Kelly earned an MBA from Duke and worked in mid-management marketing positions at Coca-Cola and Delta Airlines over the past four

Industry News

Employers Taking More Time Than Ever to Fill Jobs



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The time to fill open positions has reached a national average of just about 25 days, the lengthiest job vacancy period in the 13 years covered by the DICE–time to fill by industryDFH Vacancy Duration Measure.

The monthly report on time to fill and recruiting efforts says that on average it took 24.9 working days (Monday-Saturday) in June to post, source, and hire a new employee. That’s more than nine days longer than it took at the height of the recession in July 2009. Then, the average was 15.3 working days.

The lengthening time to fill is having a serious impact on search firms. Data from MRINetwork says growing numbers of candidates are taking alternative offers while clients make up their mind. As a consequence, 81%

How-To

Help Your Sales Professional Craft A Better Resume



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stack of resumesAs an executive recruiter who specializes in placing IT sales and sales management talent, I am often frustrated by the quality of the resumes I receive; even from truly exceptional candidates.

The problem goes beyond the job seekers themselves, as “expertise” on resume preparation is as random as summertime showers in the Rocky Mountains. So I will provide clarity for sales professionals based upon my keen knowledge of the pressure-packed dynamics of today’s hiring climate.

The perfect resume does not exist, but the structure I suggest will get your documents noticed in the forest of paperwork being reviewed by top executives.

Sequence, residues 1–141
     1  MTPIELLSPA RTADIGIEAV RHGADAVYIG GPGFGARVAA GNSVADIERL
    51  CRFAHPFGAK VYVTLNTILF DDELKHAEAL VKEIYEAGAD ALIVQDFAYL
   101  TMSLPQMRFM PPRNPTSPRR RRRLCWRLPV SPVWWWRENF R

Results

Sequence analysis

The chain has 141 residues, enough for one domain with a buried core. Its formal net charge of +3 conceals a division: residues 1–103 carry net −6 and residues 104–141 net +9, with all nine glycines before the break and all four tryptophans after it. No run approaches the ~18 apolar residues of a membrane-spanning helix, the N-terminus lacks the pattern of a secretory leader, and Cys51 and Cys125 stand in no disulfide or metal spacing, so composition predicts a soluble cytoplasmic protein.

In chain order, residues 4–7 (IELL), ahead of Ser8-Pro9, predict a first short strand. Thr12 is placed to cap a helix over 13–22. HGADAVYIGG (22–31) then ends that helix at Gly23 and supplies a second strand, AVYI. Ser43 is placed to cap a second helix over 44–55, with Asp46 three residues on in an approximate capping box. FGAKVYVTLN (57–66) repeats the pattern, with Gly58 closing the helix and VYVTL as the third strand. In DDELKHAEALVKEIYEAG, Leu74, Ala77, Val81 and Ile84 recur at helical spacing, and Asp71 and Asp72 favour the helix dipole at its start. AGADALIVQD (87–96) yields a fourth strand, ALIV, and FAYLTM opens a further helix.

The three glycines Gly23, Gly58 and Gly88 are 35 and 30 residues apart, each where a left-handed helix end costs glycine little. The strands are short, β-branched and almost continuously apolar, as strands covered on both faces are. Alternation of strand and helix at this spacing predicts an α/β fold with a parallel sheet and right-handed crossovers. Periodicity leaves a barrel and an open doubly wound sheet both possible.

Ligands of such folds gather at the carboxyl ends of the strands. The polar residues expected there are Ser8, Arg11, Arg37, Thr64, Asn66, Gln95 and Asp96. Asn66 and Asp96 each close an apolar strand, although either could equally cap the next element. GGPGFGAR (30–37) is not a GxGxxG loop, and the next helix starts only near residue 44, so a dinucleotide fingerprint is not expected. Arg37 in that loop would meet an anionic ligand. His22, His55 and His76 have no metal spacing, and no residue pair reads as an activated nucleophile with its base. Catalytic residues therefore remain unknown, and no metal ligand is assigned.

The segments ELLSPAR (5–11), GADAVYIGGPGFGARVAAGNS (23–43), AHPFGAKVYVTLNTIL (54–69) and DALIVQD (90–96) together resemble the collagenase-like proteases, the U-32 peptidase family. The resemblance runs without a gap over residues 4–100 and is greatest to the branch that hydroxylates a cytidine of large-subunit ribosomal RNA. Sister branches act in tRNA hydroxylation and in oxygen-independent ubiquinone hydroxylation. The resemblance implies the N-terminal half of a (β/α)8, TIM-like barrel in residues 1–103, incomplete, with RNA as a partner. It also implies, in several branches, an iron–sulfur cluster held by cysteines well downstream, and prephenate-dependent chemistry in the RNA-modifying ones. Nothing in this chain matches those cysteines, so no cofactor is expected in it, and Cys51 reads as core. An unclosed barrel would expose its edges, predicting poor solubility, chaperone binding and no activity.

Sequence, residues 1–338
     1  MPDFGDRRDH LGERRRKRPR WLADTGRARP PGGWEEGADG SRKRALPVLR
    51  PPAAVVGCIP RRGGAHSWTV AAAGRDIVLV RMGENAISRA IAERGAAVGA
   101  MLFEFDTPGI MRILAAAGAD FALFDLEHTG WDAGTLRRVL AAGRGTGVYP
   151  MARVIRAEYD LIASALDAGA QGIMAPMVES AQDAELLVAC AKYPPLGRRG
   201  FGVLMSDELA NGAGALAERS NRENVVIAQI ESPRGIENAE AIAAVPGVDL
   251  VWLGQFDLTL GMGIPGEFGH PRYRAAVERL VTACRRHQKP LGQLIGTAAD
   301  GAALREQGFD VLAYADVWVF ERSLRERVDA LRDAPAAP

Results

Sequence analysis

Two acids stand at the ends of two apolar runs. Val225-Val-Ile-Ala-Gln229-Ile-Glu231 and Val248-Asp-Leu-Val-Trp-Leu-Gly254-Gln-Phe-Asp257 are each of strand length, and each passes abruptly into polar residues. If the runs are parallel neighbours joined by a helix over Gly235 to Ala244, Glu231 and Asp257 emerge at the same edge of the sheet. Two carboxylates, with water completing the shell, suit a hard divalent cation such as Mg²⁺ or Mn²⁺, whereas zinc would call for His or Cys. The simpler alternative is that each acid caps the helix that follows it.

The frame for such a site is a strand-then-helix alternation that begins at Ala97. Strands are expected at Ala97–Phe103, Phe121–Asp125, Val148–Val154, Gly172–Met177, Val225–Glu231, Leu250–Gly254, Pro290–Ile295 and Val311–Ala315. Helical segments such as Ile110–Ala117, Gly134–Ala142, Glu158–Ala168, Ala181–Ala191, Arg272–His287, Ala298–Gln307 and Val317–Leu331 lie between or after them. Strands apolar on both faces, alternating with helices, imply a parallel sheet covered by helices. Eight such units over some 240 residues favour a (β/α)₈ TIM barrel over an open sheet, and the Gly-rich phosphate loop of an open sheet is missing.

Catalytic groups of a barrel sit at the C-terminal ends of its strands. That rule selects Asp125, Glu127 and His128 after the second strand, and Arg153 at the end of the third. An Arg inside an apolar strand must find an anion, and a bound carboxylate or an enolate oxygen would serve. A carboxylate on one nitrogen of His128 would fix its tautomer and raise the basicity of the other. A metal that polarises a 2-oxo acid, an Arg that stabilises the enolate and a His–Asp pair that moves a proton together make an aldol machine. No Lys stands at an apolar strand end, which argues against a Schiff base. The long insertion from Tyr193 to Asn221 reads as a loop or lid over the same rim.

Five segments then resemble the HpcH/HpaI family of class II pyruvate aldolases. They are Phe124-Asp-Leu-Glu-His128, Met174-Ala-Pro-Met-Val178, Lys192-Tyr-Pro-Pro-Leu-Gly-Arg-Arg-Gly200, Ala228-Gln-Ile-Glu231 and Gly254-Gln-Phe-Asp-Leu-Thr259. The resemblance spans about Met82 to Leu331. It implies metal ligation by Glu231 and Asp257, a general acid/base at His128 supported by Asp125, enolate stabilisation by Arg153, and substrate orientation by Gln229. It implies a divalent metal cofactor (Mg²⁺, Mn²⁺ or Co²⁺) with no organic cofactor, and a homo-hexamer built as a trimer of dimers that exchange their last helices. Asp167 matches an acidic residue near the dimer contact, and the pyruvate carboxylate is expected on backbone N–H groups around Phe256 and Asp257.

Industry News

Recruiter Survey: Candidates Are Driving the Job Market



Who's driving the market MRI 2014

Who's driving the market MRI 2014It’s a job seekers’ market, but hiring managers haven’t yet fully adjusted to the change, with 40% of them taking almost a month to make an offer, only to find out in many cases that their candidate is turning them down.

Better than 8 in 10 of the MRINetwork recruiters participating in the semi-annual MRINetwork Recruiter Sentiment Study said today’s employment market is candidate-driven, a 25 point jump from the 2012 study. That means the professional, executive and managerial candidates who are the majority of those recruited by MRI franchise offices can be  more demanding when it comes to the nature of the work they want, the companies they’re willing to work for, and the compensation and benefits they’ll accept.

How-To

8 Tips To Help Candidates Work Best With Recruiters



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Note: Do your candidates really know how a search consultant works and what they can do for them that they can’t do themselves? Knowing what we do, and how to best work with a headhunter makes better candidates and can lead to quicker and easier placements, not to mention less time explaining things to novice (and even more experienced, but still naive) candidates.

In this article, Jorg Stegemann explains how candidates can best work with a recruiter. Link to this article and point your candidates to it to save yourself time and headaches.

Want to know the best ways to use a headhunter? Do you know why you should use one? A good recruiter has what you have not: inside information and knowledge of jobs that will never be advertised.

Here are eight tips on how to choose a headhunter who will help you take your next career step:

How-To

The Power of Positive Candidate Coaching



My Fair Lady

My Fair LadyPerhaps on the classic movie channel you have seen the film, My Fair Lady. If you don’t recall the movie, check it out. It’s based on the play Pygmalian, by George Bernard Shaw. In the play, as well as the film, a professor takes on the challenge of transforming a girl of low social stature into a fine, articulate woman who could pass for royalty.

This tale has led to a popular theory, the Pygmalian Effect. Simplistically, this is the idea that individuals tend to rise to expectations. Why is it relevant to you? As a recruiter, encouraging candidates to rise to the occasion would be valuable to you, the candidate, and your client. We can’t work magic; however, the power of positive suggestions can do wonders when preparing a client for an interview. Fundamental advice and coaching are equally important.

Here are a few tips to start the transformation: